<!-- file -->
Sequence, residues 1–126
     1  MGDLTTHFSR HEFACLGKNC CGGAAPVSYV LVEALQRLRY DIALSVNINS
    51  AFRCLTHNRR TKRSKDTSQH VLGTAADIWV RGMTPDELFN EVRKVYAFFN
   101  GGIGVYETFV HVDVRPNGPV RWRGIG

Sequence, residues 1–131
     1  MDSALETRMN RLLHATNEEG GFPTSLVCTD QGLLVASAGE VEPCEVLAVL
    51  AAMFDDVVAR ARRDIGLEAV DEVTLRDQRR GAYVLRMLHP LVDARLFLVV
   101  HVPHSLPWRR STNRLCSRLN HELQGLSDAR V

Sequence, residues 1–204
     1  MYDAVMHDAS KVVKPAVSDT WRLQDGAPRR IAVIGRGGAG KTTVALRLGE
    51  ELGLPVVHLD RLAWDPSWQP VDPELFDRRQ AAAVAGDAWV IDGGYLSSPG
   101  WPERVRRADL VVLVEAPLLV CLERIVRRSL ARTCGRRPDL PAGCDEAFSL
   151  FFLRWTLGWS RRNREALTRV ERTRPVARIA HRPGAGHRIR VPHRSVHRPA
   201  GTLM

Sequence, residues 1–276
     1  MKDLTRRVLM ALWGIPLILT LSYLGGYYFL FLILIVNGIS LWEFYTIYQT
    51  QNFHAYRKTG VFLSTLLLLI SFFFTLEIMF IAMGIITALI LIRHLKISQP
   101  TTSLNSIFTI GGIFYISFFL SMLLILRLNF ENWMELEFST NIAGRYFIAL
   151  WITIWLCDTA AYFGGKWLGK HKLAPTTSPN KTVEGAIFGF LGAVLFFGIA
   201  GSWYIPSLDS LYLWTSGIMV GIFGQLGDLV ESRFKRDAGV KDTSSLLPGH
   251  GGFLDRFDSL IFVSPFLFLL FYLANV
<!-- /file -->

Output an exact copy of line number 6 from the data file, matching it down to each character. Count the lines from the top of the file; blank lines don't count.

     1  MDSALETRMN RLLHATNEEG GFPTSLVCTD QGLLVASAGE VEPCEVLAVL